Written with various contradictory movements, from events around the massacre itself to airplanes and airports, with not-so-subtle references to the events of September 11, 2001 in New York City: "They flew themselves and if they can do that successfully they can do whatever they want perhaps / they’re playing hide and seek had they behaved themselves and remained in possession of this / immense tract of land, they would have been worth twice as much per capita ‘How do you know / they are maintenance workers and not Rife soldiers in costume? Did you check their ID’s?’ they / chanted ‘God is Great’ and handed out candy they said it would be a huge and unprecedented attack / but they did not specify to destroy everything belonging to them and force them out to the plains..." (n.p.).

Wah has written on cultural collisions before, from his own mixed heritage, in books such as Waiting for Saskatchewan (1986), and his collection of essays, Faking It: Poetics & Hybridity (2000), called a long poem in itself. As well, in his ongoing series of "Artknots," Wah has been writing pieces reacting to various visual art pieces, included as an extension of his "music at the heart of thinking," included in its second segment, Alley Alley Home Free (Red Deer College Press, 1992). It is interesting to see so deliberate an overlap of Wah’s own concerns, and an excuse for him to do so.

In "A History of Canada," dedicated to Bill Hutton and George Bowering, Toronto writer Stephen Cain writes a brilliant and funny sequence in his standard working of ten, prose sections referencing various Canadian history touchstones such as "Wolfe & Montcalm," "The 1837-38 Rebellion," "The Last Spike," "Louis Riel," "The King-Byng Affair," "The October Crisis," and "Tom Thomson." After two solo trade collections and the recent completion of a collaborative third, with Jay MillAr, from his forthcoming American Standard / Canada Dry collection (Toronto: Coach House Books, 2005), this is easily one of the strongest of Cain’s works, weaving in references of all kind, merging various literary and historical notes and commentary into compact spaces, regularly mixing absolutes and competing ideas. As he writes in "The King-Byng Affair": "Nobody has confidence in the system anymore. M. T. Kelly is better than Ondaatje?" (p 39).

2. THE WAR OF 1812

It’s one we won. It’s cows versus cowboys and the Flames want to merely march
across the border. Speaking of arson, we got to burn Buffalo and the fires haven’t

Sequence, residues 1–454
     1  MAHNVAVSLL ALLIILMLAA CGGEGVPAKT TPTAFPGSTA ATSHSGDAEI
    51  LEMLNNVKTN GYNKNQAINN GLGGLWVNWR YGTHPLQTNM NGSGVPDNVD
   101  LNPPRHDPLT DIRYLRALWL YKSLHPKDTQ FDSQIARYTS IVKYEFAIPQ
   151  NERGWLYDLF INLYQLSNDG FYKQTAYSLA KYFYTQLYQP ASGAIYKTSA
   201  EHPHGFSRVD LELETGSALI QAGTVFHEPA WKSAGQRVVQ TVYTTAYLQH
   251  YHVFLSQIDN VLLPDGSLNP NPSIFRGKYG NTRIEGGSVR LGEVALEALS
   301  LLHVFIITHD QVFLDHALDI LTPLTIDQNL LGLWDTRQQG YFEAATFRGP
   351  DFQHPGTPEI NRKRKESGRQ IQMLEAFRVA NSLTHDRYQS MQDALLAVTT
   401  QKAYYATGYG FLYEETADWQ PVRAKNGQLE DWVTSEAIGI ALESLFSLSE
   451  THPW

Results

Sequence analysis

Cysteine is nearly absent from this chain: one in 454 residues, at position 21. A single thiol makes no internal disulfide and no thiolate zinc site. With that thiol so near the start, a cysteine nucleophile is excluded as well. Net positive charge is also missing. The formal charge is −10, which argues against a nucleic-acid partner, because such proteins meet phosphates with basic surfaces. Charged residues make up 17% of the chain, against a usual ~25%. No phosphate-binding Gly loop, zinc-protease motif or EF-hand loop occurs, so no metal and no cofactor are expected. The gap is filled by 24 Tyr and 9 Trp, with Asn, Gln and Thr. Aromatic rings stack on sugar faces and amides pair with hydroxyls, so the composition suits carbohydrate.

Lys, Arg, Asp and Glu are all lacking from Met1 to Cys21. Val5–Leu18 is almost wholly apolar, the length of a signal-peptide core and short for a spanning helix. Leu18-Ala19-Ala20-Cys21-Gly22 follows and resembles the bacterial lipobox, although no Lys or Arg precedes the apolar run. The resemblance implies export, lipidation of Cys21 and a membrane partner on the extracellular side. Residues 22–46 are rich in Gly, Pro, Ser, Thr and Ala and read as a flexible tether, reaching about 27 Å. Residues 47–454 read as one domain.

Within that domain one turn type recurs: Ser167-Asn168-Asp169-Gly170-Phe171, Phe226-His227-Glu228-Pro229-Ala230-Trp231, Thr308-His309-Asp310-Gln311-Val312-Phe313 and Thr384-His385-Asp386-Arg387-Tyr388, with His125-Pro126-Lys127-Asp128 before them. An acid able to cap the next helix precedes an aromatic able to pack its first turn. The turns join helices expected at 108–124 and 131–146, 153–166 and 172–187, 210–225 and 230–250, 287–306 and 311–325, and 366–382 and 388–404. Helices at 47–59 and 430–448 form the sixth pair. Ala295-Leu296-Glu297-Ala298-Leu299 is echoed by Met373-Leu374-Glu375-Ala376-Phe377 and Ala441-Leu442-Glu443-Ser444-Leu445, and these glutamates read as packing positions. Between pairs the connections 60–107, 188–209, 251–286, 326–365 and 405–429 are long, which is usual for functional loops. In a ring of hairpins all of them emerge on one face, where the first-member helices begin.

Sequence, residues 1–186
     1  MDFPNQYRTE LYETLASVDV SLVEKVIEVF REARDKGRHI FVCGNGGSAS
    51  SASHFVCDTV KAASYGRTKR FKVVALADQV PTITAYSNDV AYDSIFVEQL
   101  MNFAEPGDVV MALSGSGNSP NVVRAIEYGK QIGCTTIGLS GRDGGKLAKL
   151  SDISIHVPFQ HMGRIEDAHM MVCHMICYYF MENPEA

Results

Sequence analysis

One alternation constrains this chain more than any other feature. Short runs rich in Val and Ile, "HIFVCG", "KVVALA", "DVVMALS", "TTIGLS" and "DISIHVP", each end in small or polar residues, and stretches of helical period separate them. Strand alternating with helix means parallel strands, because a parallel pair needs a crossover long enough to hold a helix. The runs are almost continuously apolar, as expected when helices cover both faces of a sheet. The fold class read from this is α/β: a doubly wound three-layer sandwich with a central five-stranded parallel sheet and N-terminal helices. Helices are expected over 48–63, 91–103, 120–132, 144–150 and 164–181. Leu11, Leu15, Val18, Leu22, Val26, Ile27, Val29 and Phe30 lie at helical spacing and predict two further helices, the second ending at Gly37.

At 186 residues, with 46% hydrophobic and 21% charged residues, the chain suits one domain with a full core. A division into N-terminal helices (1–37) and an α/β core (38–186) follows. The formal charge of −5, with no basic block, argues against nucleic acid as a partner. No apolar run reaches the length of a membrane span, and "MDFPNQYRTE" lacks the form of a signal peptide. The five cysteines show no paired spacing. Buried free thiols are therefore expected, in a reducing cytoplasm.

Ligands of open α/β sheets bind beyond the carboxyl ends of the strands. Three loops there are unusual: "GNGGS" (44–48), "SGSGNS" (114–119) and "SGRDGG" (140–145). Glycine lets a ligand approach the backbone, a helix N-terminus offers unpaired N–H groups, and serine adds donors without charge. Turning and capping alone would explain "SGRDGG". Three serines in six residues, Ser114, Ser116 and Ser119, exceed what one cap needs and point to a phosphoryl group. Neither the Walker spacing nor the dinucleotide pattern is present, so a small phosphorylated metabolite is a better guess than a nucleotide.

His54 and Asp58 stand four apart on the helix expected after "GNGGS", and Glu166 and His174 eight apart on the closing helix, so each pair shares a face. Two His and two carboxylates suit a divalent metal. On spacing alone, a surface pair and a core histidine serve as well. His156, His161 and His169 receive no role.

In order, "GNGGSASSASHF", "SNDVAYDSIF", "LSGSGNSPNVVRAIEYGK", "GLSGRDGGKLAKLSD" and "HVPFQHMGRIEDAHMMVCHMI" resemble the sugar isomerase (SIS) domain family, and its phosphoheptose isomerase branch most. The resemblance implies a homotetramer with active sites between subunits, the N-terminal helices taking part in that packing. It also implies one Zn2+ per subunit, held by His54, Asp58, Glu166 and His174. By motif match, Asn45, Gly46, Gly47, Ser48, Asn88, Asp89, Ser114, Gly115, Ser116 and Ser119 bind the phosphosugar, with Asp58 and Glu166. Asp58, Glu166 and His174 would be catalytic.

stopped since. Every night it’s a five alarm at SUNY and Bernstein can’t absorb
Tecumseh’s techne. Creeley, Duncan, and Spicer move onto the Western Front, but
Bromige and Blaser are already talking with Tallman. Now it’s up to TISH to tamper
with Olson and lead the charge to Kootenay. The project is blackened before it can
be mounted, but no matter what Mathews mitigates it’s a stalemate. Still, it was
important – without it, we’d have no army, no autonomy, no chocolate.


Much like Budde’s text, Cain’s "A History of Canada" works as a series of prose scenes, boiling numerous elements down into singular lines. Even in the piece "THE WAR OF 1812" (a war that arguably started the notion of being "Canadian" as being "not American"), referencing, among other things, The Western Front (a gallery in Vancouver infamous for hosting performances over the years by numerous Canadian and American writers), the early 1960's newsletter TISH (which was lambasted by some for being too influenced by American writing), SUNY-Buffalo (the State University of New York, where Steve McCaffery recently replaced outgoing professor Charles Bernstein, a strong centre in the United States for language writing, with strong ties with various Vancouver and Toronto writers, including those once known as TISH, and The Kootenay School), The Kootenay School of Writing (a loose child of the newsletter TISH), and Robin Mathews, who led the charge that TISH was too influenced by American poetry, and therefore anti-Canadian.

Matthew’s argument came out again when George Bowering won the Governor General’s Award for Poetry in 1969. There was even a group of poets and others who founded the Peoples Poetry Prize at that time, just to award it to Milton Acorn, who many thought should have won the GG instead for his I’ve Tasted My Blood, and not a book of poetry by a "false" American poet.

Leave it to the Canadians to be indirect, and reference as much history as anything else, to make whatever current points. Simply writing as they are writing.